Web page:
A teacher’s guide for dancing school cast, dancer silhouette and performance, plus tips on how to get your best out of the class.
Know your target audience.
What does your target student’s target audience look like?
Are they looking to dance more?
Do they want to learn dance?
If so, what are their strengths and weaknesses?
Are there any other styles of dance they might enjoy?
Is there a class they might not want to dance in?2.
Know the dances that your students love.
You can’t teach dance to everyone.
There are certain styles of dances that people will dance to just because it’s cool, but if you’re going to teach them to dance, you need to know how to teach the dances to the right audience.
Know how to set expectations.
Do you teach them the dance?
What are they expecting?
Is the class a beginner class?
If not, how do you set expectations and how to deliver?
Are there other classes they should be dancing in?
Do you have other classes that you can teach to the same audience?
Get their input.
Is your class engaging, entertaining, fun and productive?
You want your students to be engaged, but also want to hear what they have to say about their experience.
Find out how to be a teacher.
Is there any way to be more effective with your students?
Is it possible to be effective in your class, but not as effective as your students would be?
Do they have any special goals that they want achieved?
Do their expectations change when they have time?
Set up a time for feedback.
What is the most important thing that you want to see in your students’ performance?
How do you find out what they want and need from your class?
Set a schedule.
How often do you have a class and when do you expect it to be?
Plan your schedule.
Set aside a time each week to talk to your students about the performance and their goals.
Are you using a group schedule?
Do one-on-one time-sharing with your class is your best option?
Are you setting goals for the class?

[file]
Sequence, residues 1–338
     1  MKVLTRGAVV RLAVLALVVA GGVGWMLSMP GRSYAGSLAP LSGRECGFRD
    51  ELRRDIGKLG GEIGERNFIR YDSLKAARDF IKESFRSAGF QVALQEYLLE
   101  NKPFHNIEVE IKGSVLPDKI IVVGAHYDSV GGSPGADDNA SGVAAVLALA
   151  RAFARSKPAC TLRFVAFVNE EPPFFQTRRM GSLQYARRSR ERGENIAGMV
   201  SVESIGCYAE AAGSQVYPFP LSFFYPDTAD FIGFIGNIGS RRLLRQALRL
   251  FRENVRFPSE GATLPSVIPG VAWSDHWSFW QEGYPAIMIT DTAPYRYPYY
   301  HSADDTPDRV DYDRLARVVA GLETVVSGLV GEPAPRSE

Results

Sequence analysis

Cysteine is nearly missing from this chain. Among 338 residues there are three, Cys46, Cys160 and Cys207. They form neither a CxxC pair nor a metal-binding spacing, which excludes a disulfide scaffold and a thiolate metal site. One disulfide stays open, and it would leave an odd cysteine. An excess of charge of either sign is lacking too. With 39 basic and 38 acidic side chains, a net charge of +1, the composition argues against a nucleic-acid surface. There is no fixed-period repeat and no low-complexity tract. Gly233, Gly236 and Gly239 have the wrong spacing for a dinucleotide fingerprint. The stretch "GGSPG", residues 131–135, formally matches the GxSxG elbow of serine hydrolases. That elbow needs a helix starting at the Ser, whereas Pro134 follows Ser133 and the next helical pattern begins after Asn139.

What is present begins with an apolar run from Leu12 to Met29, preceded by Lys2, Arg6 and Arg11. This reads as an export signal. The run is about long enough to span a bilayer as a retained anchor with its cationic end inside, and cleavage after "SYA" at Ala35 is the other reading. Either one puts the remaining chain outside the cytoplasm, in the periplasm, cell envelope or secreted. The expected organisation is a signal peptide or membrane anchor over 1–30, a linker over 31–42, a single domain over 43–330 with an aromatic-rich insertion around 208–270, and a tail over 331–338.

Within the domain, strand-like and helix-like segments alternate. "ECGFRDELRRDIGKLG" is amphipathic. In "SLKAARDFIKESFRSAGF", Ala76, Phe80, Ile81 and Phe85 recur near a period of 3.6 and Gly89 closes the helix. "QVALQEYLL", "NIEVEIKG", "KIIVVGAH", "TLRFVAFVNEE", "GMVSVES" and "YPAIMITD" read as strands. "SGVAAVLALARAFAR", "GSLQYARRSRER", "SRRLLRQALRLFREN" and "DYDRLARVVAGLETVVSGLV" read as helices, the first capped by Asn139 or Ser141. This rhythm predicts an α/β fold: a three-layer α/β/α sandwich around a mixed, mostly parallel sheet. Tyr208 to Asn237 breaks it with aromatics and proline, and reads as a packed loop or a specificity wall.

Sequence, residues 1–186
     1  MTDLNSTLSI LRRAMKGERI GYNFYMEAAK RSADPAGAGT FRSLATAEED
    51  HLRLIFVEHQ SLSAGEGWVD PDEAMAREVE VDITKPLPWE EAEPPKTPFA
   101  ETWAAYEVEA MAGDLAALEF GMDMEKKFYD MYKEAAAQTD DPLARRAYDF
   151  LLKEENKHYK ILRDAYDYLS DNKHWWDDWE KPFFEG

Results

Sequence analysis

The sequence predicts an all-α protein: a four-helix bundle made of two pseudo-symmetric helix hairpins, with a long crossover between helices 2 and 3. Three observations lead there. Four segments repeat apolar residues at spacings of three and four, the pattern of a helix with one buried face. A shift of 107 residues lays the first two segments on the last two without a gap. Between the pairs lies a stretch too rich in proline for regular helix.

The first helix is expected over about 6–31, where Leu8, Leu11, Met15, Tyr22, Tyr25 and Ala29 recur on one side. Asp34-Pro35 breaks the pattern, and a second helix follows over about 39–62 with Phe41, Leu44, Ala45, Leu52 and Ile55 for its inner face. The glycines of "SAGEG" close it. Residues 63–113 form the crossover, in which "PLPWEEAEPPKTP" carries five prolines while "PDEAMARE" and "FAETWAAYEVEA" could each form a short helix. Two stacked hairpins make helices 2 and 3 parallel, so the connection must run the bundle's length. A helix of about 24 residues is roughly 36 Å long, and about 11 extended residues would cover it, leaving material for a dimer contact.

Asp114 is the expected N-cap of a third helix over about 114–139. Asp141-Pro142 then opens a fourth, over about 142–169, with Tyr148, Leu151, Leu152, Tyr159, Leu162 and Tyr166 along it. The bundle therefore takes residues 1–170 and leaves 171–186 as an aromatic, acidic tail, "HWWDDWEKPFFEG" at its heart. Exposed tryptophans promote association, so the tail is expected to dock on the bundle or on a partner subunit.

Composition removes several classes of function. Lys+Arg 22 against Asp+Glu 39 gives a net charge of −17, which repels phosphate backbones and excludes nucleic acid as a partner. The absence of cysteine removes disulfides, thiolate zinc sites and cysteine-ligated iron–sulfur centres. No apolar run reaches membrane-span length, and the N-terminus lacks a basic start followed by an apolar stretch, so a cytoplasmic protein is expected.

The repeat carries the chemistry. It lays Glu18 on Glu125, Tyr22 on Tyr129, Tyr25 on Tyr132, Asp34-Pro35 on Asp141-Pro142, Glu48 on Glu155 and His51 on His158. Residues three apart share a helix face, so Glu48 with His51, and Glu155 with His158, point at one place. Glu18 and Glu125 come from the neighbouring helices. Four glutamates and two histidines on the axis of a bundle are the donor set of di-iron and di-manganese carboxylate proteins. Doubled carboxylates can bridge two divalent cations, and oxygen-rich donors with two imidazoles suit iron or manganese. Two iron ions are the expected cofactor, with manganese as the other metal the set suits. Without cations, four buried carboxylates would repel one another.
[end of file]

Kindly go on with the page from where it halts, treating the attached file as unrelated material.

What if you don’t have a group?11.
Make sure you’re working with a teacher who has a specific focus.
If you’re teaching a class for kids who are interested in dancing, but don’t want to perform at the dance, it’s probably best to teach dance for the first time with a choreographer.
If your class has a more traditional, family-oriented focus, or if you teach in a group, it may be best to use a teacher with more traditional interests.12.
Find ways to increase communication.
Do your students have a voice or a way to make their voice known?
Is a shared space available for students to communicate?
What is a “friendly” teacher to use?
Are teachers trained to be communicative?13.
Learn the basics of the art.
Do the students already know what you are doing?
Is your instruction based on the material or is it based on your own personal knowledge?
Do the class members already know the basics?
How does the art relate to your own life?14.
Make adjustments to make the class more fun.
Do students find themselves asking for more attention, or do they find their confidence growing?
Is time spent teaching more time spent learning and practicing?15.
Do some exercises.
Do teachers know how they should perform different movements?
Do your classes need to work on their own choreography?16.
Have a good time teaching your class.
Your students will have fun, and you will have a lot of fun with them.